2020 Edition — Quality of Care: Providers

Jen Joynt, Independent Health Care Consultant


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Over the last few decades, there has been significant growth in the measurement and reporting of health care quality outcomes. As health care evolves, it is important to continue to monitor and report on the quality of care delivered to patients in California and across the US. This is part of a series of measures CHCF is publishing on the quality of care in our state. Topics range from maternal to end-of-life care, and include measures on behavioral health, chronic conditions, and providers.

This set of quality measures focuses on providers, including ambulatory surgery centers, emergency departments, inpatient hospitals, nursing homes, home health care, and hospice.

California’s ambulatory surgery centers report low patient-safety error rates.

In both California and the US, ambulatory surgery centers report low error rates on four quality measures related to high-priority patient safety issues for Medicare. Lower rates are better. For all these measures, California performs similarly to or better than the US overall.

California patients spend more time in emergency departments than patients nationwide.

Patients visiting California emergency departments (EDs) have longer lengths of stay than patients nationwide — especially patients who are admitted to the hospital from the ED. In California, these patients spend over an hour longer in the ED than do their counterparts nationwide.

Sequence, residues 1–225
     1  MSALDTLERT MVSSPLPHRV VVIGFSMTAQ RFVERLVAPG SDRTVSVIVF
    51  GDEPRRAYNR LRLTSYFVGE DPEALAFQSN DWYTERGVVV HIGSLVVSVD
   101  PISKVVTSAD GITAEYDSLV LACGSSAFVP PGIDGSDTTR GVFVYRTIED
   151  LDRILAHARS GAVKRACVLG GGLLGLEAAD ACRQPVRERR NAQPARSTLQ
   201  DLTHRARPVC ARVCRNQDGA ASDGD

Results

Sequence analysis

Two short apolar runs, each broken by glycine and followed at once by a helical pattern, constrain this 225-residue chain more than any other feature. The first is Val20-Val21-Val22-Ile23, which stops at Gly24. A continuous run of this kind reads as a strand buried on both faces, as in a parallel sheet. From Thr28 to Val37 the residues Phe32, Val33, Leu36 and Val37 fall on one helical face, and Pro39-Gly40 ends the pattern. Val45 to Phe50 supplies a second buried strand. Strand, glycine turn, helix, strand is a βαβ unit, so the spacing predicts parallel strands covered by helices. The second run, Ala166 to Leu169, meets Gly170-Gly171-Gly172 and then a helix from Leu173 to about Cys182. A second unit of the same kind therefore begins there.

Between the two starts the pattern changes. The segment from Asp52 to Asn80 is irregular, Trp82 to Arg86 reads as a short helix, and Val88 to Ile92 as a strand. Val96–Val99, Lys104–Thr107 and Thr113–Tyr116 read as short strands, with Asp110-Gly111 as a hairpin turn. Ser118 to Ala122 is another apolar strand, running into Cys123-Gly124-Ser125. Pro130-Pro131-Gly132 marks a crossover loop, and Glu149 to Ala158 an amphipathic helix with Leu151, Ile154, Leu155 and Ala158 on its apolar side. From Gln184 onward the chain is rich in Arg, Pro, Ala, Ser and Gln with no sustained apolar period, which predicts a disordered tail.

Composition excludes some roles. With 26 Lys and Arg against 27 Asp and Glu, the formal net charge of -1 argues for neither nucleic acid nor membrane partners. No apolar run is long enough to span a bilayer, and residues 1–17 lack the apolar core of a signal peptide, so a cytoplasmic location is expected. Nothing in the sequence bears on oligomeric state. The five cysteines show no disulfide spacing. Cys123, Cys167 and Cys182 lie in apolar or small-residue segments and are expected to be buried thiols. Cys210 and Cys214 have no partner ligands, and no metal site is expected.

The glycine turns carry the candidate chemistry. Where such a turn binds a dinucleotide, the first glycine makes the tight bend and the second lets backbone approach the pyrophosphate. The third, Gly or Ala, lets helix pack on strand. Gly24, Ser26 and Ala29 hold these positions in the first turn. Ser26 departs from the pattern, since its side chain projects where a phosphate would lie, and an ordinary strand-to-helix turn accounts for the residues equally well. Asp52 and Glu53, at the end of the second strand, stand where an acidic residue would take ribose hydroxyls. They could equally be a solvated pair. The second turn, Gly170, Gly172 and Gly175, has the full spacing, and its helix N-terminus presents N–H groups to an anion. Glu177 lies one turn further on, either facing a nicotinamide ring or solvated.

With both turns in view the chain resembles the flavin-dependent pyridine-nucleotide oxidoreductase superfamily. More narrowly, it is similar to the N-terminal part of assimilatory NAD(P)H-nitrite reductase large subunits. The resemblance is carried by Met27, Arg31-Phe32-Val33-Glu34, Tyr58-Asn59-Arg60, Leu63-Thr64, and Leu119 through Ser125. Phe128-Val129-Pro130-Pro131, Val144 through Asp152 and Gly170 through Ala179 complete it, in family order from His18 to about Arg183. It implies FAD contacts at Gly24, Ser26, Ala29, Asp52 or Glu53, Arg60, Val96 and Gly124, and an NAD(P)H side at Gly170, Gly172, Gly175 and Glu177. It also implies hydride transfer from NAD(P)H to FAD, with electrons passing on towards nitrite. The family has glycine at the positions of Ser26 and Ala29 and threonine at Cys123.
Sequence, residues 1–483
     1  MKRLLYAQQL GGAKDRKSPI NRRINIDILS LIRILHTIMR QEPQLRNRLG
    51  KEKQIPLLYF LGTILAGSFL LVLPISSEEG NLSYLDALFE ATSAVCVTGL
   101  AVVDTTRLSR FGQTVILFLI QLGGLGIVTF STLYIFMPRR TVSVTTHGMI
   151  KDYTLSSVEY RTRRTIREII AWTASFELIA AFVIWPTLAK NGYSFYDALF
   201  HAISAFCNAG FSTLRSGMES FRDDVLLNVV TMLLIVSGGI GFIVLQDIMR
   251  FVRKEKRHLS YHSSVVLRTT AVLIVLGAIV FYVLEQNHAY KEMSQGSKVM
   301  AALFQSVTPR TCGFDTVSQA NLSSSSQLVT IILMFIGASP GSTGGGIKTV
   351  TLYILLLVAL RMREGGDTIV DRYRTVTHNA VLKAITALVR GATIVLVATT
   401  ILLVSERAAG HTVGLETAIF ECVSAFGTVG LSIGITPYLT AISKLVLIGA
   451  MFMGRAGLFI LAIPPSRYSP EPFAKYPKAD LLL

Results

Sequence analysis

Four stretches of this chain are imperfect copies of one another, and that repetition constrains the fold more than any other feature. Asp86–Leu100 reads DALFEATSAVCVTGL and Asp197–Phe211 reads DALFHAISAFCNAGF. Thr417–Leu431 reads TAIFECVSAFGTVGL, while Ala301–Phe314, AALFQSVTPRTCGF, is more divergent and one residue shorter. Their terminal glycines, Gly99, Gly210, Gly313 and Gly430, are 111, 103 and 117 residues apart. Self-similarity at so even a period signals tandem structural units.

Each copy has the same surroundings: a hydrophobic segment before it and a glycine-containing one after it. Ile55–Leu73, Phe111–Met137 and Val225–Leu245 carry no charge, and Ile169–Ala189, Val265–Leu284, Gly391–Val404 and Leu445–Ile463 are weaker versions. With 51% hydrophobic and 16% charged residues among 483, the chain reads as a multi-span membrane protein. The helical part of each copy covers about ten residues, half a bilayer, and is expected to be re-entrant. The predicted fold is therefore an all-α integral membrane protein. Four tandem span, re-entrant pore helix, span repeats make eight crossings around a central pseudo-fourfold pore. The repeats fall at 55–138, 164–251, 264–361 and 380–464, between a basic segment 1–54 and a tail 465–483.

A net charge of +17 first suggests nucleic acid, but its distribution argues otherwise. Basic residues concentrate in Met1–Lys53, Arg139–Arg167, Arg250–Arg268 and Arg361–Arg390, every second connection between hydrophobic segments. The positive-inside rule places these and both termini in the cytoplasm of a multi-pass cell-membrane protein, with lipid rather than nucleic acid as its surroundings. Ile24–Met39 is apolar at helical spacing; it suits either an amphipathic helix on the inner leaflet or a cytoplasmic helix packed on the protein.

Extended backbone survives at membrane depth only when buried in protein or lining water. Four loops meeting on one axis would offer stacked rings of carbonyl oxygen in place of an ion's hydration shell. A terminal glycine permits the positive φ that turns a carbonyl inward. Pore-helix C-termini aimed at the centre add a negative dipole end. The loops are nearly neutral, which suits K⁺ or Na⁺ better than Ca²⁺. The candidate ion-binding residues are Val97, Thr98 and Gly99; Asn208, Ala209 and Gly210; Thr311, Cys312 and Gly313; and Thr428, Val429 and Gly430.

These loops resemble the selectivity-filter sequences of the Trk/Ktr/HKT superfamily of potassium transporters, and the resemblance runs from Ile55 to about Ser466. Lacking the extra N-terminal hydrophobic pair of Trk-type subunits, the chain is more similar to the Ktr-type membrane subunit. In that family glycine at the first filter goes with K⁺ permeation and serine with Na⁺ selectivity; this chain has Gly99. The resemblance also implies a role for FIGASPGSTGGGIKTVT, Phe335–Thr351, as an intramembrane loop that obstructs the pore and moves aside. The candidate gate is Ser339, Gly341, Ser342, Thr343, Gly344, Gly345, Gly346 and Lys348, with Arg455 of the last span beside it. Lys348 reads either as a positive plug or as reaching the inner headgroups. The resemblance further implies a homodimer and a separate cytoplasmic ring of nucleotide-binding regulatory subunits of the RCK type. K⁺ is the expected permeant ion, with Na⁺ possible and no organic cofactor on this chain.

Hospital readmission rates vary by race/ethnicity and by payer.

In 2017, 19% of Black Californians were readmitted to the hospital within 30 days compared to 15% of Latino, and 14% of Asian and white Californians. Readmission rates also varied by payer, with about 16% of Medicare and Medi-Cal patients readmitted within 30 days, compared to 11% of patients with private insurance.

One in nine California nursing home residents received an antipsychotic medication in 2018.

While antipsychotic medications are an important treatment for patients with certain mental health conditions, the FDA has warned that antipsychotic drugs are associated with an increased risk of death when used in elderly patients with dementia. Since 2013, the percentage of California nursing home residents receiving antipsychotic medications decreased from 16.5% to 11%.

The companion Excel data files are available for download below. These materials are part of CHCF’s California Health Care Almanac, an online clearinghouse for key data and analyses describing the state’s health care landscape. See our entire collection of current and past editions of Quality of Care.